Car licensing question

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What is so hard for you to understand proof of ownership is REQUIRED to transfer a Title. Logic says If it were not, why have titles, just use bills of sales as they do in non-title states. Think man, think.


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Mike Hunter wrote:

The proof of ownership is the TITLE. The current owner signs the back of the title and fills in the mileage statement, signs the bill of sale and hands the paperwork to the new owner. DONE. The transfer of ownership is finished when the NEW OWNER goes to the DMV and files for a title in their name.
There is NO requirement for the current owner (the OP in this case) to PROVE anything.
What he did wrong was allow the person who got the car drive away with HIS plates on the car.
What he should have done was pull the plates off, scrape the sticker off the glass and THEN sign the title over. At that point the new owner is responsible for getting his proof of insurance, title application and registration application to the DMV within 30 days. Then HE owns the car not the OP.
The OP NEVER has to go to the DMV if he doesn't want to. He can mail the plates back if he chooses.
--
Steve W.

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I give up, you are certainly are not the sharpest pencil in the pack.

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wrote:

I already told you what happened to my neighbor when she didn't get the title transfer done "officially" to protect herself. And the State's Attorney told me the only way to protect yourself when we chatted after I did the deposition as to the sale. Illinois looks pretty much the same as NY in how title transfers are done. Her plates and Chicago city sticker were removed from the car. I did that myself. Didn't make a difference. The VIN was on the car, the state of Illinois had her as the title holder, and they came after her. All this handing somebody your title and trusting them to do the right thing is fine and dandy if you're dealing with an honest person. She wasn't. The guy didn't do the transfer, but got drunk, smashed up 2 cars and an old lady, then booked to Mexico. He either had no plates on the car, or stolen plates. The OP gave everything in his name to a joker with an arrest warrant out on him. So what do the cops and injured parties do even with no plates? They look up the VIN in the state registration database, and come after the owner. If I hadn't witnessed the sale, everybody's assumption would have been it was her car and it was her boyfriend driving it. Because she was the titled owner. It's really not hard to understand that, and that the bureaucrats who write title transfer instructions and the cops, lawyers and State's Attorneys are entirely different people. You can follow your state's instruction on title transfers, but if the buyer happens to not do his part, you can find yourself in deep doo doo. Your choice really. A bill of sale and a witness to the transaction will protect you, but IMO just getting the damned thing notarized and sent off to the state when you do the transaction is the best way. When things go wrong it's a big hassle. She was worried sick for weeks, and who's to say her witness (me in this case) would still be around and willing to testify. I was grilled pretty good, and I was a professional with no criminal record. I could see they were looking to trip me up. Anybody can fabricate a bill of sale, and I really believe without my testimony she would have been hurt bad. A totaled new Caddy and old lady in the hospital all banged up get the cops and lawyers and insurance companies all fired up. That's why I ALWAYS bring the parties to a notary and get the title transfer sent to the state when I buy or sell a car. Why take a chance with this when you can do it right?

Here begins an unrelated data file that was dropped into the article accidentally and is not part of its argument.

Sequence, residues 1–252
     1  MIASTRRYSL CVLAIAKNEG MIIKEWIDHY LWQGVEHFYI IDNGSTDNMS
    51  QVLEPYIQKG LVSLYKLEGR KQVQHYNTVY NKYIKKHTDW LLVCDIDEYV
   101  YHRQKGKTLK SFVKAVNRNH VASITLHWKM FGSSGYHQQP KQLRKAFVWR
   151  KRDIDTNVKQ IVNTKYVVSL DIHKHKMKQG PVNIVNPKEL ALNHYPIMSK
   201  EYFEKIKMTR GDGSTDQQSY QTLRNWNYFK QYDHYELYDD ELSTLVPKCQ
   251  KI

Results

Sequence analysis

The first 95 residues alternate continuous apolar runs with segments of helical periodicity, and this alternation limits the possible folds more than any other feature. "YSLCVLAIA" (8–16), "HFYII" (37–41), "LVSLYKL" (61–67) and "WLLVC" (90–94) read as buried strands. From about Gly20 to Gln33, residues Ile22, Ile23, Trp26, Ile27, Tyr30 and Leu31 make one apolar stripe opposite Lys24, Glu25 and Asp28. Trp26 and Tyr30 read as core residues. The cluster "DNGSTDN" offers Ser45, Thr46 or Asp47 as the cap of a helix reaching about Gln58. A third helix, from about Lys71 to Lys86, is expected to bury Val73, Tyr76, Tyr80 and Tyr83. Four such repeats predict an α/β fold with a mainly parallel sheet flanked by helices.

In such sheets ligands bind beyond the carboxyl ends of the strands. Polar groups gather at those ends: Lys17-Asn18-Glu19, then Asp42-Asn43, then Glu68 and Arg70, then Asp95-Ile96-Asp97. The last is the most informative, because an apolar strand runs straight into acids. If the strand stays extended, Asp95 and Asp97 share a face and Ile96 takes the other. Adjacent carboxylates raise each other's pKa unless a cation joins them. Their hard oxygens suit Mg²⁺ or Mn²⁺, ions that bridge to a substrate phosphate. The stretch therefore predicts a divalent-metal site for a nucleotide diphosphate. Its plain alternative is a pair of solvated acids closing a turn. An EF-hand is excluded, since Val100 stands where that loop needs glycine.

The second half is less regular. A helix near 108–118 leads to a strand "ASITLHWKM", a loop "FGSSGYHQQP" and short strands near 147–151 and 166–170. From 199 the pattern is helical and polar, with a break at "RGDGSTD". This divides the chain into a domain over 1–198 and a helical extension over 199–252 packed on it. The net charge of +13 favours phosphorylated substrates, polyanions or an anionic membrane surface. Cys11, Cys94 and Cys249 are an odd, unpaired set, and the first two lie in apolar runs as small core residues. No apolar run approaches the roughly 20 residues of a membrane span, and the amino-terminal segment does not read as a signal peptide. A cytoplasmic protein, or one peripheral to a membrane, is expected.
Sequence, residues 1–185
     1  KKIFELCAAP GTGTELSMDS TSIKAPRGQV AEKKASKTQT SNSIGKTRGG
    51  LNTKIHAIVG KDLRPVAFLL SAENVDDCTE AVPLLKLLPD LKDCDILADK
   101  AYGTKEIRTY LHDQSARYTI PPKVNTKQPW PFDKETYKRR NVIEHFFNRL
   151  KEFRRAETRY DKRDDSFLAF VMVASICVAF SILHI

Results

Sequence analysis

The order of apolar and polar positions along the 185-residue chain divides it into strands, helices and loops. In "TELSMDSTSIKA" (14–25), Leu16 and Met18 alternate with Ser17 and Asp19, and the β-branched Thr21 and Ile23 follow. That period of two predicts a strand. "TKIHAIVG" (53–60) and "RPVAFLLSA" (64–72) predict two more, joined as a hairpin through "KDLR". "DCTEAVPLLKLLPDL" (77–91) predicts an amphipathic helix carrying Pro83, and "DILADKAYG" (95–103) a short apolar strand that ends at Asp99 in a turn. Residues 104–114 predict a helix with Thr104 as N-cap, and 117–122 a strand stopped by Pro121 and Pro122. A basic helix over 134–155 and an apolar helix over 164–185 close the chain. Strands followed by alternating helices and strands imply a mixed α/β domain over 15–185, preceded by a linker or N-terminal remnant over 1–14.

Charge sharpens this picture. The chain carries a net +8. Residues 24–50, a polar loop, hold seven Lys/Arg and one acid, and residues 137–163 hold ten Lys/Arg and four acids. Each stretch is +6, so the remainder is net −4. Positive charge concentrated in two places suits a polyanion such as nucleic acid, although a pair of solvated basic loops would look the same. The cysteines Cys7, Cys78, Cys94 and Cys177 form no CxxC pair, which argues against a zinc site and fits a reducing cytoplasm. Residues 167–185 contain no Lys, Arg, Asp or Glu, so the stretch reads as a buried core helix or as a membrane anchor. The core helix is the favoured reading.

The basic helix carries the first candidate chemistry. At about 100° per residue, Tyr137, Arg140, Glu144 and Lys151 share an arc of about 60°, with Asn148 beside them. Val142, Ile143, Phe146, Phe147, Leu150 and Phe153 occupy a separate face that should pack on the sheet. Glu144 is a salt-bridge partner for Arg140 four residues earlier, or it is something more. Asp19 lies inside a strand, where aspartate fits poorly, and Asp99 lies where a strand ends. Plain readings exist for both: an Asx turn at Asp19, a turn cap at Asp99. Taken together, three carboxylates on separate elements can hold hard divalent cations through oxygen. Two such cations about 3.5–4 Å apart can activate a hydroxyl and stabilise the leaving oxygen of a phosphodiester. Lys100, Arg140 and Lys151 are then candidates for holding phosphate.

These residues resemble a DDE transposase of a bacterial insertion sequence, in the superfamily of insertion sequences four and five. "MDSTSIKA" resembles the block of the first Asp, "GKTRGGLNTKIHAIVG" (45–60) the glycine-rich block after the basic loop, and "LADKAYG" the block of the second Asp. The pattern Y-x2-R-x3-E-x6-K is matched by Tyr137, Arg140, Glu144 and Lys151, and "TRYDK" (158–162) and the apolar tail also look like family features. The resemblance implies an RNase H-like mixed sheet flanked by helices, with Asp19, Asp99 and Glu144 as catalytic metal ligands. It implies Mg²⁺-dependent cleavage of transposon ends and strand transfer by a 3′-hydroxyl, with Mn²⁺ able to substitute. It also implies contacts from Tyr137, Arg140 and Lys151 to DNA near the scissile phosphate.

--Vic
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Shit, no!!! I killfiled him years ago. The only way I ever see his posts are as headers in responses..
He is truly a piece of doodoo.
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If you don't like to hear the truth, why kill the messenger? Why not listen and learn? LOL
wrote in message

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On 6/11/2010 3:05 AM, dog arms wrote:

At a minimum, you need to get the plates back and have him sign your copy of the Bill of Sale to prove that you sold it. Otherwise, you have no proof that he bought it. If he gets parking tickets, it's you on the hook as the registered owner. If you put insurance back on the vehicle again, and the insurance company finds out that you sold the vehicle to him, you give them an excuse not to cover any loss.
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in chedog arms wrote:

Depends on the particular state.
If it was Calif., he files a transfer of liability form with the DMV and he's off the hook. (However filing a false form is a major no-no.)
pj
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I think that here in Texas, to be safe, you should walk the re-registration through the tax office WITH the purchaser.. If you dont, you never know what he or she is going to do.
It isnt law that you do this, but you would be much safer to do it.
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